Yeast, Mar mite, Phillips Tonic Yeast, Muscleman Protein Plus Tablets, Super Brewer’s Yeast, Vecon, Yeast-Plus, Yeast-Vile and Yestamin.

There are many other food supplements sold to help maintain health. Most of these supplements are no more useful as medicinal products than the supplements given away with the Sunday newspapers. So don’t bother buying tablets or powders containing cider vinegar, kelp, lecithin, malt, molasses, rutin or safflower oil unless you particularly like the taste of them.

Luco^ade can be considered a food supplement since it is a glucose-rich drink which also includes lactic acid and sodium benzoate; it is advertised as an aid to recovery so it should be mentioned. I’ve mentioned it.

Other health foods and special diets

If you suffer from coeliac disease, diabetes or any other disorder which necessitates a special diet, then you should seek advice from your own doctor or a hospital dietician. Some food products are available on prescription.

Patients convalescing and people wishing to put on weight may find concentrated foodstuffs like Bengers, Carnation Build-Up, Complan and Wate-On helpful. Unfortunately, it is not possible to ensure that weight is added to particular parts of the body.

Unusual eating programmes such as Zen macrobiotic diets can be dangerous, and children brought up on a limited variety of foods are at great risk of developing nutritional shortages. Generally speaking, it is more dangerous to follow a fad diet rigidly than it is to eat processed foods and their inevitable additives.


Anaemia is one of the commonest causes of persistent tiredness and a lack of dietary iron is a common cause of anaemia: two facts which provide some excuse for the vast number of tonics on the market which contain iron.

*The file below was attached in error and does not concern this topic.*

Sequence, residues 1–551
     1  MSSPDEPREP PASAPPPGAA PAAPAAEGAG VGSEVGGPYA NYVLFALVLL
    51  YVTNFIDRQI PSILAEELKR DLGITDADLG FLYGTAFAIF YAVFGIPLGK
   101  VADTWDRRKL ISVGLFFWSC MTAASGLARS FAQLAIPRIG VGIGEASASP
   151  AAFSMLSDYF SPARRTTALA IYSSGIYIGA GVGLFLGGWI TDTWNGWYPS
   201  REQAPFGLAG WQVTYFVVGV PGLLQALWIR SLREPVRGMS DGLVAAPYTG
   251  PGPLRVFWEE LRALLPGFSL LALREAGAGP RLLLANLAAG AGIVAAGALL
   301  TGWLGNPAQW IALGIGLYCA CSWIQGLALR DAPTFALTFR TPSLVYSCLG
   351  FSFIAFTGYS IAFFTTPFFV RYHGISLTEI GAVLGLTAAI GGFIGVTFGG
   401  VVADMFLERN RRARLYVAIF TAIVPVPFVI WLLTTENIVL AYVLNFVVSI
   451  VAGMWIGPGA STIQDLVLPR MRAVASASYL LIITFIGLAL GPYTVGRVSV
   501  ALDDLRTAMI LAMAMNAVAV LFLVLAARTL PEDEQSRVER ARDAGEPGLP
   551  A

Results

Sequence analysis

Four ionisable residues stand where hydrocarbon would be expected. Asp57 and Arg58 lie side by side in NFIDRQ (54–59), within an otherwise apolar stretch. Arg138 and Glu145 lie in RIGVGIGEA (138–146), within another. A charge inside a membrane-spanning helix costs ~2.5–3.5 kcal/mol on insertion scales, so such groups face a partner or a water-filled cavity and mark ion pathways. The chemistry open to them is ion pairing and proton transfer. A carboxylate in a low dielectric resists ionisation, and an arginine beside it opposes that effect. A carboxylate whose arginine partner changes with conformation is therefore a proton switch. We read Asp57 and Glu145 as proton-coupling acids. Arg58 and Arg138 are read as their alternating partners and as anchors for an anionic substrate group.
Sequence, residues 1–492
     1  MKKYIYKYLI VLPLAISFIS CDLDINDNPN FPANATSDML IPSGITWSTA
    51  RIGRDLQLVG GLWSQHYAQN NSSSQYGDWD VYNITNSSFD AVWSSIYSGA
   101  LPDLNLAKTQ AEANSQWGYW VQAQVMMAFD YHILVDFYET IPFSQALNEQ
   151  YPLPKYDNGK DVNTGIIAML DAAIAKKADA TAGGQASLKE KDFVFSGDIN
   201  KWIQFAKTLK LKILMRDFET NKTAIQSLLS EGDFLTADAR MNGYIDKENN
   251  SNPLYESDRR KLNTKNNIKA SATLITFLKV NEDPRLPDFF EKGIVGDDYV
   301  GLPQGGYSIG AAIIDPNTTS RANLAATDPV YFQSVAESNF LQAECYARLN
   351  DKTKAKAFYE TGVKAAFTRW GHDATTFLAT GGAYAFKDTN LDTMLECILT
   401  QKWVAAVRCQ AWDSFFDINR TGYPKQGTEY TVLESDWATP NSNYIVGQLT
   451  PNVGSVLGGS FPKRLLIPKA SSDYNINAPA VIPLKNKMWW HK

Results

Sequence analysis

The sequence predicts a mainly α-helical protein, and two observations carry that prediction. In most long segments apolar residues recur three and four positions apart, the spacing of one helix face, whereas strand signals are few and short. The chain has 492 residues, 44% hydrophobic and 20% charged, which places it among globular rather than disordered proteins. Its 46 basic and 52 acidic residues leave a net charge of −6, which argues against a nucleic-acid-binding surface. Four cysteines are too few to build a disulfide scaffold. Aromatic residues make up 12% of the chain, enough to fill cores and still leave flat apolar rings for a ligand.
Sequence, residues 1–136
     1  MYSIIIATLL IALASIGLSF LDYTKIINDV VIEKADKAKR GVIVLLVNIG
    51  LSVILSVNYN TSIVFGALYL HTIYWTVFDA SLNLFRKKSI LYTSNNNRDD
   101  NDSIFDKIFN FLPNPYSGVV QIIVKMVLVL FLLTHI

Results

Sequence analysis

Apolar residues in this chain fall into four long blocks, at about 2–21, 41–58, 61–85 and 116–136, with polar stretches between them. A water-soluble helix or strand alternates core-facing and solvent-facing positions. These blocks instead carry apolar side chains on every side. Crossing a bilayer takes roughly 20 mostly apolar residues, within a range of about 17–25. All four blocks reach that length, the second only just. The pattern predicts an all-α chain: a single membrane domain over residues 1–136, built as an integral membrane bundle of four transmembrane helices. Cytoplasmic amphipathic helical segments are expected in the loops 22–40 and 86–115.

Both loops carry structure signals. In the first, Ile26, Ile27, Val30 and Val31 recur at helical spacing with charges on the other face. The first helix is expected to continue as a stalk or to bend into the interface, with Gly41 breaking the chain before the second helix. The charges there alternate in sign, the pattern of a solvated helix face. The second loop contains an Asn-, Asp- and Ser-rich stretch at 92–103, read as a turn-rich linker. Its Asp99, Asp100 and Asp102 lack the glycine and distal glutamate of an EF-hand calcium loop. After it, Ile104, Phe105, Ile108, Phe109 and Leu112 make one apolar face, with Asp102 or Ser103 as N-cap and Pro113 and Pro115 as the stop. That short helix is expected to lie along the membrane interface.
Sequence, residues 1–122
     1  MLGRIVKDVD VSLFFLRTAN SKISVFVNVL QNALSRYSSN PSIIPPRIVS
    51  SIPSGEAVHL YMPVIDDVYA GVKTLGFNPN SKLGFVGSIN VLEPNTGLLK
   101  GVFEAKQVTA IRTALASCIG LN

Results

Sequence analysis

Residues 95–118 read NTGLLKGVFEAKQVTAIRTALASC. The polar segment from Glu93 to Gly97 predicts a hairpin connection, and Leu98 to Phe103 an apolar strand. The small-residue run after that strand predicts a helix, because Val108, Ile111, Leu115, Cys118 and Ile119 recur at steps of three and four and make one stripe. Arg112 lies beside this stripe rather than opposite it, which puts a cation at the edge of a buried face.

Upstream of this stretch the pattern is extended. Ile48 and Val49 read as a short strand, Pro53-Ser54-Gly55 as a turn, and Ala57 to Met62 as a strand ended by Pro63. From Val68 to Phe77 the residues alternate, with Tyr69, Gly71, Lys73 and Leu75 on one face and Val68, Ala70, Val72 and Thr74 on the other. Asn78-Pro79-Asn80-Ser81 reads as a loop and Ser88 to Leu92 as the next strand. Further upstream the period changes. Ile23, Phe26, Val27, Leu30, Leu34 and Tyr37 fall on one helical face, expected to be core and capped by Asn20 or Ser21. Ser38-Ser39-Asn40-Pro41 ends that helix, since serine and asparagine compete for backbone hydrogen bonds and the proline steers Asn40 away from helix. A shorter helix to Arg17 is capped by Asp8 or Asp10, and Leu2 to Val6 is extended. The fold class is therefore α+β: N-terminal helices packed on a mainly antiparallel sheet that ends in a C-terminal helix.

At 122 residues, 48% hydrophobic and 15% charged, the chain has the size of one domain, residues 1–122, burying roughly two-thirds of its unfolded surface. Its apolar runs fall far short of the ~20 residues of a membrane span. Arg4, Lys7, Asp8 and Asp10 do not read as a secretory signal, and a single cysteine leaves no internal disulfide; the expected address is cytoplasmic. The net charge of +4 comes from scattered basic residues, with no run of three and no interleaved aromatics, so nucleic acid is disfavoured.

The cheapest way to take iron by mouth as a tablet is to buy Ferrous Sulphate Tablets BP. If the tablets are taken after food the incidence of gastrointestinal side effects is low. Ferrous sulphate is as effective as any of the other preparations available, many of which are considerably more expensive.

A large number of iron preparations include added vitamins and other minerals. Only pregnant women and patients with less common types of anaemia need to combine their iron with other products, so no combined preparations are worth buying. Iron preparations served up as exotic-looking capsules or liquids are not worth buying. Iron available as a liquid stains the teeth.

Taking iron as a dietary supplement, because your normal diet does not include enough iron, is not a sensible thing to do. It is far more sensible to adjust your diet to include enough iron in natural foodstuffs. It isn’t necessary to eat spinach daily to obtain iron: if your diet includes a reasonable mixture of meat and vegetables then you’ll be getting enough iron. Iron tablets, by the way, can be dangerous if taken in excess and should be kept away from children. They can kill.

One of the great dangers associated with the promotion of iron tablets is that patients can easily be tempted to treat themselves for too long. Anyone who feels lethargic, tired, weak, breathless or generally run down for more than a week or two should visit a doctor. The problem may be due to anaemia. But if it is anaemia then it is far better to let your doctor find out why you have become anaemic, to measure the level of the anaemia and to make the necessary adjustments scientifically. He may also be able to advise you on how best to avoid further attacks of the same problem. And if the symptoms are not caused by anaemia, treatment with iron may be completely inappropriate.

Many of the products which contain iron as a major ingredient are sold simply as iron preparations. Some, like Iron Jelloids and Phillips Iron Tonic, have the word ‘iron’ in their name. Other products like Ayr tons IVY Tonic Tablets, Bidor Tablets, Dr Williams Pink Pills, Femico Tonic Tablets and Three Flasks ‘Over Forty’ Tonic Tablets also contain iron.

If you need iron tablets it’s wiser, safer and probably cheaper to obtain them on prescription from your doctor than from the chemist’s shop. If you think iron tablets will solve your problems and you’re determined to treat yourself, then try one or two tablets of Ferrous Sulphate BP daily for a month. If you don’t feel better by then, iron tablets aren’t the answer.